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Screen readers and GIS maps

From: Jesper Tverskov <jesper.tverskov@mail.tele.dk>
Date: Thu, 10 Jun 2004 09:20:19 +0200
To: <w3c-wai-ig@w3.org>
Message-ID: <000001c44ebb$62cd9e70$440bc650@tversdatg7y7vv>

David Woolley wrote:
 
Maps don't work with screen readers either, particularly UK maps which
are bitmapped.  The question was specifically about (geographical) maps.
You have to solve the problem of presenting maps, within commercial,
particularly intellectual property, constraints, before you need to
worry about pointing within them.

- - - - - - - - - -

I consider the above quote to be mostly wrong.

Nobody expects that a painting of Van Gogh should have an alt-text
conveying exactly the same "artistic" feeling a sighted viewer can get
from looking at such a painting. A short alt-text is enough and
sometimes a longer description but this would still be a far cry from a
true equivalent.
 
Nobody expects that a symphony, Beethoven no 9, must not be played
without a long description conveying exactly the same feeling to the
deaf. A short description will do in most cases.

Nobody expects that GIS maps most not be used without whole books
attached to them painstakingly spelling out all the details in the map
in plain text.

But the blind should be able to use GIS maps presented on the net just
the same.

I blind person can search for something in the map, find it, and it says
so in the screen reader. The blind can then link to the map from own web
site, email the map to a friend, etc., show it to a child, etc.

The blind can print the map and take it with her on a walk and show it
to somebody when asking for directions like anybody else.

The blind can search for two addresses in the map and then listen to a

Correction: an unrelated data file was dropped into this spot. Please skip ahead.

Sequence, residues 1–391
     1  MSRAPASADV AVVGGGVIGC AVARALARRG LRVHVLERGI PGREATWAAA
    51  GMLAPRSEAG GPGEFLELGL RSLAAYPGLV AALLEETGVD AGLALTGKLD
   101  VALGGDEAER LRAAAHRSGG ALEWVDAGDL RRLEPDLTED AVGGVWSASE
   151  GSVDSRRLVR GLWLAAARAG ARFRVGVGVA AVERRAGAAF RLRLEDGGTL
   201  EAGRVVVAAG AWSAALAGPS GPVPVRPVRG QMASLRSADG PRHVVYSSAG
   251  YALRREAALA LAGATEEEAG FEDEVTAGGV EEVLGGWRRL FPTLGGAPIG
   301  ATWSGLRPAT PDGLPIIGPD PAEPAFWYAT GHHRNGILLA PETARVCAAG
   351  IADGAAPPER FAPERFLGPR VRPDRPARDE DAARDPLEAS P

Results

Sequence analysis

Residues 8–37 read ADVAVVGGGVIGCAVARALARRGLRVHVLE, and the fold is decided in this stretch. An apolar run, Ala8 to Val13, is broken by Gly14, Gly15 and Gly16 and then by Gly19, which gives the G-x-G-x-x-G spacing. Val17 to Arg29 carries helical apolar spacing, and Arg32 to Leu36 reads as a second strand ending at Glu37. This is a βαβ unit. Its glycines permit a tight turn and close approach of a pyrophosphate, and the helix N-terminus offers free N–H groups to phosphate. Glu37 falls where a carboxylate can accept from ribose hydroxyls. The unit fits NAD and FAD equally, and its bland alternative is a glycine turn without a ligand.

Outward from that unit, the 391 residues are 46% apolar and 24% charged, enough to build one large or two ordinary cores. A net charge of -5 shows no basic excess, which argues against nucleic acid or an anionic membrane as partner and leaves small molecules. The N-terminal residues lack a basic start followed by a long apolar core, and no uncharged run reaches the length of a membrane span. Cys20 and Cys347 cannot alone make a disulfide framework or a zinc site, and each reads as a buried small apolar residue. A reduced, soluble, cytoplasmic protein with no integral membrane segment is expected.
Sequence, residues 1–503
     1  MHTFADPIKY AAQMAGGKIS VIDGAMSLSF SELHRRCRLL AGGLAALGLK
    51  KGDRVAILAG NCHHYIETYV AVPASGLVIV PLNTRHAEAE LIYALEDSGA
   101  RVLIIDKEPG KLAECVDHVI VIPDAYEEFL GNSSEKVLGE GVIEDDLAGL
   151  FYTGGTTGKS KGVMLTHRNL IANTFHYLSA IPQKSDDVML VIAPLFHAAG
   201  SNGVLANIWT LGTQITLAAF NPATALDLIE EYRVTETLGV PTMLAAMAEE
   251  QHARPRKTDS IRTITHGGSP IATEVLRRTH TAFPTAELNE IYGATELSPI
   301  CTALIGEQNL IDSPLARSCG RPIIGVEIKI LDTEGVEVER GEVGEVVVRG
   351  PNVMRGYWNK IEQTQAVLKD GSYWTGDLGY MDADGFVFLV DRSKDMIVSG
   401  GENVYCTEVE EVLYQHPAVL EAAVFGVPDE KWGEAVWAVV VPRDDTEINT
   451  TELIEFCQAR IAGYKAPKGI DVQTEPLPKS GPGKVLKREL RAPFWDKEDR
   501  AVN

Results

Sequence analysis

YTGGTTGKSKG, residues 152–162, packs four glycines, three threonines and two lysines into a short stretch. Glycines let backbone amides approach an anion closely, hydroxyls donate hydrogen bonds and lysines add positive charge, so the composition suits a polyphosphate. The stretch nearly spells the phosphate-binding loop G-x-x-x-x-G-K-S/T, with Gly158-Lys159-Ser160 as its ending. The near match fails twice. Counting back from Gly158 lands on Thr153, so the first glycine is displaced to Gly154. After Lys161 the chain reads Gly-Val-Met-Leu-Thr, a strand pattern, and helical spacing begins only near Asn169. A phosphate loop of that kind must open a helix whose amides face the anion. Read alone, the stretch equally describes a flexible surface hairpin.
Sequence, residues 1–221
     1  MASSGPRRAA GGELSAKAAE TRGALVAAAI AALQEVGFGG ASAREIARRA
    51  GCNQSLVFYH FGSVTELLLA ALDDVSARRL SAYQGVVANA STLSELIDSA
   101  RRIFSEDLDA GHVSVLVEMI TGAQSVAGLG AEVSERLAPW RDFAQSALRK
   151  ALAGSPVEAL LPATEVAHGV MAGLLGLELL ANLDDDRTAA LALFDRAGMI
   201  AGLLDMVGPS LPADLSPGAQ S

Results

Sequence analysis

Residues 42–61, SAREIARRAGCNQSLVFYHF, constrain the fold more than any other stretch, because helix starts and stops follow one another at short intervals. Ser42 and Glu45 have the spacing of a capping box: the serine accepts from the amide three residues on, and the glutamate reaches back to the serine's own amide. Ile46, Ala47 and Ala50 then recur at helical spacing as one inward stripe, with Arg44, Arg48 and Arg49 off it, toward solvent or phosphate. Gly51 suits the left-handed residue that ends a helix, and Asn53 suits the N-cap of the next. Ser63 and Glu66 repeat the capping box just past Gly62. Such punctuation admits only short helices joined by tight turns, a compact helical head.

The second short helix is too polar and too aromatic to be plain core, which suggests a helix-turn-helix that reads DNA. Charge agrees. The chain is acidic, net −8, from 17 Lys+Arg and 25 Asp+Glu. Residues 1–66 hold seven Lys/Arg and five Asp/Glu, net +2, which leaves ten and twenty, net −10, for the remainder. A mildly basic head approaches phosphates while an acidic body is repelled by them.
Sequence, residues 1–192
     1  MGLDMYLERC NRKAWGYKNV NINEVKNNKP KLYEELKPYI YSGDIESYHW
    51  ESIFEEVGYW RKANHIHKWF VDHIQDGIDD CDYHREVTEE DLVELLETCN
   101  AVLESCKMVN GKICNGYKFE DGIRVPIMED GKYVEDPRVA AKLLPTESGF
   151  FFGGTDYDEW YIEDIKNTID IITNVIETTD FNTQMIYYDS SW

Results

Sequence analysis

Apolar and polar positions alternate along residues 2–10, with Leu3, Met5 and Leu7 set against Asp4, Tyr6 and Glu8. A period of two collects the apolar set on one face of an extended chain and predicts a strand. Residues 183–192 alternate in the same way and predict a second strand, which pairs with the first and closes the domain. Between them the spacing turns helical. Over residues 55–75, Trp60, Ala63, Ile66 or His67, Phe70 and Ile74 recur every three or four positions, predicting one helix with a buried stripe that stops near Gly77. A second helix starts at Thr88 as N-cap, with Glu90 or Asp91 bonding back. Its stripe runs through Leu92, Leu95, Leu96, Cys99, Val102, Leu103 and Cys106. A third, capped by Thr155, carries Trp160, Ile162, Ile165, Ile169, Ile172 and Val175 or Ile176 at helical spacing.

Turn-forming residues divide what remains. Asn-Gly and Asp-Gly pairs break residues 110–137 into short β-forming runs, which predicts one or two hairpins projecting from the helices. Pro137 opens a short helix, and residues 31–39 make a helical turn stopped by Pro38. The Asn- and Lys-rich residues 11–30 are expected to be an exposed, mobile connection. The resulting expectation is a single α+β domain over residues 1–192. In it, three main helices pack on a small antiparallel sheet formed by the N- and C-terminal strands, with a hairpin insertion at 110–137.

route description in the screen reader, etc. We have already GPS systems
giving such directions to drivers, and similar systems are already made
for walkers.
 
The blind has the same right to be able to use maps on the net as
anybody else, but can of cause not get all the benefits of a user also
able to see the map.

My study shows that even though most GIS maps can only be navigated
using a mouse, most of the map solutions are actually very close to
being accessible also with the keyboard.

An example is MSN. It is still too difficult to see the active link (use
inverted colors), etc., the frame of the map should not be used for
panning, the arrows are too far apart. Four small arrows with the main
directions, as seen in many other maps are enough, etc. But it is
possible to navigate the maps of MSN with the keyboard already today.

The only exception is recentering the map, but such a feature is not
that important in most cases. With the keyboard we can only pan the map
in big steps. But such a feature is easy to make, we just need to make
it possible to pan a map also let us say in steps of 100 yards or
meters. We don't need to be able to recenter ordinary GIS maps pixel for
pixel with the keyboard. It is not useful, nobody cares.

With a few more improvements like better window titles, proper use of
alt-text, etc., GIS maps could also be used by blind people in the above
meanings.

Cheers,
Jesper Tverskov
www.smackthemouse.com
Received on Thursday, 10 June 2004 03:20:20 UTC

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